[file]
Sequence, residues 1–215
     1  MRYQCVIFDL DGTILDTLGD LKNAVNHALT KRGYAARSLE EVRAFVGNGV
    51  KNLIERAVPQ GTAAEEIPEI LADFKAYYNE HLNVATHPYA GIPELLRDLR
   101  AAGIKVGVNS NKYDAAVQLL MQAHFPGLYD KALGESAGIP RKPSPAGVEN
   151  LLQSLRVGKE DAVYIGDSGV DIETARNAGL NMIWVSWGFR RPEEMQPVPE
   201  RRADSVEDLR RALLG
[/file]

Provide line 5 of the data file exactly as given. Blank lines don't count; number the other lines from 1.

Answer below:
   151  LLQSLRVGKE DAVYIGDSGV DIETARNAGL NMIWVSWGFR RPEEMQPVPE